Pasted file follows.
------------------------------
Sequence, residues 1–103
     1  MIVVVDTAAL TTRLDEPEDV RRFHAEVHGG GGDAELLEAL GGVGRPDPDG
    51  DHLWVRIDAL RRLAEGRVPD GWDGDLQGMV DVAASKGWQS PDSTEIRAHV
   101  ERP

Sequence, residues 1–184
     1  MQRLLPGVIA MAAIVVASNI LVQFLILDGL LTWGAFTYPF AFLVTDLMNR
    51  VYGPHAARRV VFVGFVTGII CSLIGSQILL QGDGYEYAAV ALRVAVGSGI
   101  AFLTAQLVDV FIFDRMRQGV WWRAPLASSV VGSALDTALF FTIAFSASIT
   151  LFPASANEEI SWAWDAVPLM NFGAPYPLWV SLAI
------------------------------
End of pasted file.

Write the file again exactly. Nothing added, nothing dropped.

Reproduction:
Sequence, residues 1–103
     1  MIVVVDTAAL TTRLDEPEDV RRFHAEVHGG GGDAELLEAL GGVGRPDPDG
    51  DHLWVRIDAL RRLAEGRVPD GWDGDLQGMV DVAASKGWQS PDSTEIRAHV
   101  ERP

Sequence, residues 1–184
     1  MQRLLPGVIA MAAIVVASNI LVQFLILDGL LTWGAFTYPF AFLVTDLMNR
    51  VYGPHAARRV VFVGFVTGII CSLIGSQILL QGDGYEYAAV ALRVAVGSGI
   101  AFLTAQLVDV FIFDRMRQGV WWRAPLASSV VGSALDTALF FTIAFSASIT
   151  LFPASANEEI SWAWDAVPLM NFGAPYPLWV SLAI